Becoming a parent involves making many decisions. From food, to screen time, to educational choices, to curfew there are many things that a mother and father must navigate together in raising their children. And when it comes to important things – like passing on the Catholic faith to your children – parenting disagreements can cause serious divisions in a marriage.
This was the case for a listener named Sarah who recently called in to Go Ask Your Father™. Sarah’s husband converted to Catholicism, but she explained that has done everything he could to stop his kids from being Catholic. She wonders how she can be obedient to her husband when he has refused to raise their children in the Catholic faith. Monsignor Stuart Swetland responded:
“I’m sorry to hear about your marital struggles. Now, I can’t on the radio give marriage counseling, and it seems like you and your husband need that kind of outside help to reconcile some of these issues.
You still are the mom, you still are the parent, you still have a great role to play in helping them grow in their faith. We don’t have to be obedient to someone who orders us to do something that is immoral. Obedience does not extend, in any way, to following someone who commands of us the immoral.
I was just talking to a bunch of captains, majors, and lieutenant colonels in the army and we were talking about the My Lai Massacre and revisiting what went wrong there, and why you can only obey a lawful order. Even if your oath of office says that you obey orders, they say that you obey lawful orders. And if you are asked to do something that is immoral or against the uniform code of military justice, for a military person, or against the natural moral law, you don’t do it. Because that is not obedience, that is a kind of enslavement.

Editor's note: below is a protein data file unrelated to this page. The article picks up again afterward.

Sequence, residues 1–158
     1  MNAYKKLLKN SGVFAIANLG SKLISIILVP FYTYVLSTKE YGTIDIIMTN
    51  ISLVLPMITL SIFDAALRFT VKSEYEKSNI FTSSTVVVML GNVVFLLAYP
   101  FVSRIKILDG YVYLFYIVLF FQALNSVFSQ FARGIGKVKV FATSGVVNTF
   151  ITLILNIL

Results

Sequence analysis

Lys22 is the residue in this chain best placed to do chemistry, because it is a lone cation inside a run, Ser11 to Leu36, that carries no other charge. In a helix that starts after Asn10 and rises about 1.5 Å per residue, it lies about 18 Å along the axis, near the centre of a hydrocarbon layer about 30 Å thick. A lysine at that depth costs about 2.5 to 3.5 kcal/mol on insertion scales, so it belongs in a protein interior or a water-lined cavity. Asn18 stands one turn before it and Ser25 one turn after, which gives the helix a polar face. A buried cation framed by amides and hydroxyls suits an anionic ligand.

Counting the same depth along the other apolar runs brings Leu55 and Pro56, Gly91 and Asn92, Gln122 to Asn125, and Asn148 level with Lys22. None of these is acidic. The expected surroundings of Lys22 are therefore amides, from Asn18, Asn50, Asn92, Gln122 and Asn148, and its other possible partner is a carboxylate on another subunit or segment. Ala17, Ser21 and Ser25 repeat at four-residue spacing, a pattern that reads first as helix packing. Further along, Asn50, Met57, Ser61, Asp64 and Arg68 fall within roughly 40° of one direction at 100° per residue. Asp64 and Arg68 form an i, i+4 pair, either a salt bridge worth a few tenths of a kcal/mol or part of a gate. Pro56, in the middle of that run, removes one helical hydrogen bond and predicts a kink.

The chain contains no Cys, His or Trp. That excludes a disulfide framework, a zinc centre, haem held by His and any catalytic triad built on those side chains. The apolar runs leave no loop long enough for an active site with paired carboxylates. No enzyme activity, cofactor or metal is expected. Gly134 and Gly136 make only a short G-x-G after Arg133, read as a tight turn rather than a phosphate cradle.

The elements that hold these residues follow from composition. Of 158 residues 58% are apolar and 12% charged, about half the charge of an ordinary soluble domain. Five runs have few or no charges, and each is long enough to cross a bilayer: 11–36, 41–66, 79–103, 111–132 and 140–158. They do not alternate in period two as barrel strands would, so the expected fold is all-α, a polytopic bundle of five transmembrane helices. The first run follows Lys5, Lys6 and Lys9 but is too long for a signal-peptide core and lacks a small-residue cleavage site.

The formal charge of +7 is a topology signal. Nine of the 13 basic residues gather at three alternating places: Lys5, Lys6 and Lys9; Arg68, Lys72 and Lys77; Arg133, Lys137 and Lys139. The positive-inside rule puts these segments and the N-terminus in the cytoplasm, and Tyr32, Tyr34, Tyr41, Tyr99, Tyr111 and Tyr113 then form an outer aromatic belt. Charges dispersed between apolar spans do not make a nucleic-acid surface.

So you do not have to follow your husband if he asks you to do or participate in immorality. And not giving your children the faith is a form of immorality. It is not fulfilling your duty as parents. It is not fulfilling the promises you made when your children were baptized. It is not in their best interest and it is against the common good.
So we have to understand what loving obedience is. Yes, you are to be obedient to your husband, and your husband should be dying for you. He should be laying down his life for you and his children. His main concern, after loving God, should be to love you and your children by laying down his life. Then, and only then, the concerns for himself should come into play. That is what the husband should be doing.
But I do think, for you, you need to find that place where you and your husband can work these things out. … You’re much like St. Monica, who had to win over a husband, a mother-in-law, and her children. She did that through sacrifice and prayer.”
Listen to the full conversation below: